Minnesota plays at Nebraska tonight at 7:30 p.m. CT. Watch on Big Ten Network or listen live on 1500-a.m.
Read: Can the Gophers, like last season's Nebraska, turn around a bad start and make the NCAA tournament? Minnesota is faced with a much different conference climate and isn't helped by its weak schedule.
Still waiting for Gaston
For several games now, coach Richard Pitino has been threatening to play international power forward Gaston Diedhiou. Still, it hasn't happened.
Saturday, the coach said the reason for the Senegal native's absence in the win over Rutgers is a new leg injury.
In Friday's practice, Diedhiou tweaked his Iliotibial band, Pitino said, and a day later, it hadn't improved much. The big man hobbled through warmups and trainer Ben Feld recommended he be held out once more.
At this point, only 12 regular-season games remain. Is Pitino starting to think about redshirting Diedhiou to avoid wasting most of a year?
The coach still isn't ruling the possibility out, but he still sounds inclined to play Diedhiou if at all possible. Currently, Minnesota ranks second to last in the league in defensive rebounds. Starting power forward Joey King and backup Charles Buggs are both averaging exactly 1.7 boards in conference play.
Considering the Gophers' other limitations, the deficit on the glass is a big concern. Diedhiou would offer a bigger, bulkier and more physical presence in the paint than either of the other two options, and his rebounding ceiling is a lot greater as well.
"Part of our rebounding problem is, it's not that it's a lack of effort from Joey and Buggs," Pitino said "They're just not real big guys and they're not naturally great rebounders, so we've got to get [Diedhiou] rolling too."
What's more, the coach said he isn't sure a redshirt would be particularly helpful for Diedhiou, a 21-year-old freshman.
"He's old," Pitino said. "So how beneficial is it going to be for a 25, 26-year-old [to have an extra year]? ... I don't have an answer to the question, to be honest, it's just hard right now. But we've got to prepare him to be able to play [at Nebraska] and then we'll see."
On the slow track
Bakary Konate played in his first game since the Big Ten opener at Purdue on Saturday when Pitino inserted the freshman center in the first half -- ahead of senior backup center Elliott Eliason -- and played him a total of 17 minutes in the win over Rutgers. Konate connected on a jumper on his only field goal attempt, and had one rebound, one assist and three fouls.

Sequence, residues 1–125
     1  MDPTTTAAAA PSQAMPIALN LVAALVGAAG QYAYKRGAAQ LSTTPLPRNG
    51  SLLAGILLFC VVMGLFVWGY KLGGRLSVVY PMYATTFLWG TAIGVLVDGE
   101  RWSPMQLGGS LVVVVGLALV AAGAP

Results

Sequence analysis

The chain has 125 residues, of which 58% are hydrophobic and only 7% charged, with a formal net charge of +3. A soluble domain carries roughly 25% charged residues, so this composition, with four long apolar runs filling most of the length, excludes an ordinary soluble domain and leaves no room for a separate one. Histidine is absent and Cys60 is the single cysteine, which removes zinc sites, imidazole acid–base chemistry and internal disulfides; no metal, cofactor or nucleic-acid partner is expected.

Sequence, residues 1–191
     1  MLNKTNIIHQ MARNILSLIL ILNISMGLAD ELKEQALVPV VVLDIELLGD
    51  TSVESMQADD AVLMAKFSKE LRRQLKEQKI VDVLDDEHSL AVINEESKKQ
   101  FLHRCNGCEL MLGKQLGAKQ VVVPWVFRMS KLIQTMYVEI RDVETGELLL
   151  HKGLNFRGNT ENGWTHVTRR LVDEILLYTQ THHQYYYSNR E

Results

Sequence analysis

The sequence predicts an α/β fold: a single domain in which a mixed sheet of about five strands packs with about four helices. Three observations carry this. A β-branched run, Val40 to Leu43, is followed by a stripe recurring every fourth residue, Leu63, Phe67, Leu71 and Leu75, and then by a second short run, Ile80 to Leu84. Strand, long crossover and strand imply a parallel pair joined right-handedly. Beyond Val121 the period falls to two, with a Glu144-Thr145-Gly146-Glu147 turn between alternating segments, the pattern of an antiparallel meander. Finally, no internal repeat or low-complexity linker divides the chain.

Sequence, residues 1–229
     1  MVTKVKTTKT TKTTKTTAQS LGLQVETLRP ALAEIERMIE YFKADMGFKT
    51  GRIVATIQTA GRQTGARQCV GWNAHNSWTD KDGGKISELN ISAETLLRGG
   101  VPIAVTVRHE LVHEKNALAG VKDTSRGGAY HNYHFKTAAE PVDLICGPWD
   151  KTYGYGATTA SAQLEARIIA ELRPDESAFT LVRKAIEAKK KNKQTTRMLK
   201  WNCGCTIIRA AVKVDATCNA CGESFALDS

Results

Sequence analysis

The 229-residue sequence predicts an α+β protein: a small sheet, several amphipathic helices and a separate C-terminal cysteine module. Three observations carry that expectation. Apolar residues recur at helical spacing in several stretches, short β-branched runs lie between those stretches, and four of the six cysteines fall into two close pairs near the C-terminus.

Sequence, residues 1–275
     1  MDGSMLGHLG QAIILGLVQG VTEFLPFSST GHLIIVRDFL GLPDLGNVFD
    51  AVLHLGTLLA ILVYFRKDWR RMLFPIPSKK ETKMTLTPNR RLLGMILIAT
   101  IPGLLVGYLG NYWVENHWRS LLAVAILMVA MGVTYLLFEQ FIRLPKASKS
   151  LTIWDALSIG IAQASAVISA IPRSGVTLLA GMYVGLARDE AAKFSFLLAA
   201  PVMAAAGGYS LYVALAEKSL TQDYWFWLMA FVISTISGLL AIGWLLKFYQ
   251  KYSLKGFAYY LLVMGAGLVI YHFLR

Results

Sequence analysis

Although the Mali native's opportunities have been limited, Pitino said he's satisfied with Konate's development thus far.
"We knew he'd be raw bringing him in," Pitino said. "I think that's just the reality of the situation, we're just going to have to develop big guys. With Bakary it's almost like less is more. The less mistakes he makes, the more he'll play. And I don't think he made a whole lot of mistakes last game except for fouling -- that was probably the biggest issue and he's got to get better at that, he fouls a lot. He made a nice little pick-and-pop jumpshot. He got fouled a lot too, because he's such a big target in the post. I think he's on schedule with where we thought he'd be."
Duck, duck, Goose
Elliason, meanwhile, played only four minutes in Saturday's victory, his fewest in Big Ten play.
Pitino said the demotion, at least for one game, was due partly to Eliason's struggles (just one point and four rebounds in the previous two games and has a 42.4 free-throw percentage on the year) and partly to his dedication to developing Konate on the fly. The latter will likely be Minnesota's starting center next season with both Eliason and starter Mo Walker graduating.
"I thought Elliott had a great attitude on the bench," Pitino said. "Doesn't mean he's not going to play anymore. Every guy is valuable."